Again, if it's still just "alpha-grade" software, I can give them a break, but they're only hurting themselves and the development process by making their software difficult to use and experiment with.
Previews of upcoming software is nice and all, but it's much nicer if us Linux users can actually have access to it so we can try it for ourselves. Duh. I'm not saying anything that isn't completely obvious. I hope Plymoth will be available for Linux users to try in the future. Fxxx exclusive distro lock-in.
Last edited by Yfrwlf; 10-29-2008 at 03:50 PM.
Sure, and that should always be available for users who want it, I love the ability to hit ESC and see it all, though if there ARE errors the graphical mode should show you those any way, like elanthis said.
Originally Posted by deanjo
Originally Posted by Yfrwlf
I am one of the HUGEST proponents of the "Linux needs to make software installation not suck donkey balls" movement that thinks the appliance-nature of current distros software models is essentially useless for real users. I willing to be that I've written more artiles (a.k.a. rants) on the topic than anyone else.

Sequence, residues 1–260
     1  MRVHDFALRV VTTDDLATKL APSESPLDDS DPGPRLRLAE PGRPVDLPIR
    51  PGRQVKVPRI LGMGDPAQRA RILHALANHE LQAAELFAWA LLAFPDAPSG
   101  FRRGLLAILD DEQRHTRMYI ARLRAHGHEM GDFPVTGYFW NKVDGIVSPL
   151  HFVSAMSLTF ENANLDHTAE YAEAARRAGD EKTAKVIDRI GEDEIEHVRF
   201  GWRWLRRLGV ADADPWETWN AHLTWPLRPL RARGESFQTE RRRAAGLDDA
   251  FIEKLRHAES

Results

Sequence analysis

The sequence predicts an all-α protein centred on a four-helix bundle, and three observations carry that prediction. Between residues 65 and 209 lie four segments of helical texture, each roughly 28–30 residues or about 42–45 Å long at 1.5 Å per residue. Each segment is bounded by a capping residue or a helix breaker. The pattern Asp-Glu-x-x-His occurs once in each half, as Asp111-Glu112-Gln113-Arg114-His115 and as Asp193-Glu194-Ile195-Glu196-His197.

But that has nothing to do with Plymouth. Plymouth is not an application you install. It is a core part of the distribution that must be integrated at a software level. It requires code modifications to work. It requires patched applications. It requires a ton of changes that must be done at the source level, and those changes are to components that are customized for each distribution.
It IS NOT AN APPLICATION for you to install. You might as well claim that Windows' SVCHOST is broken because it can't be installed/uninstalled just like any other application.
If you want Plymouth that badly, go ahead and integrate it with your distro, and send the patches upstream. I'm sure they'll love it. It's just in any way even remotely technically feasible to make a package that can magically install it, modify your initrd, modify your initscripts, patch your GDM and xorg packages, patch your kernel, and modify your grub and early bootup config files. This is just something that sits at the lowest levels of the OS, below the components that are expected to be user manageable.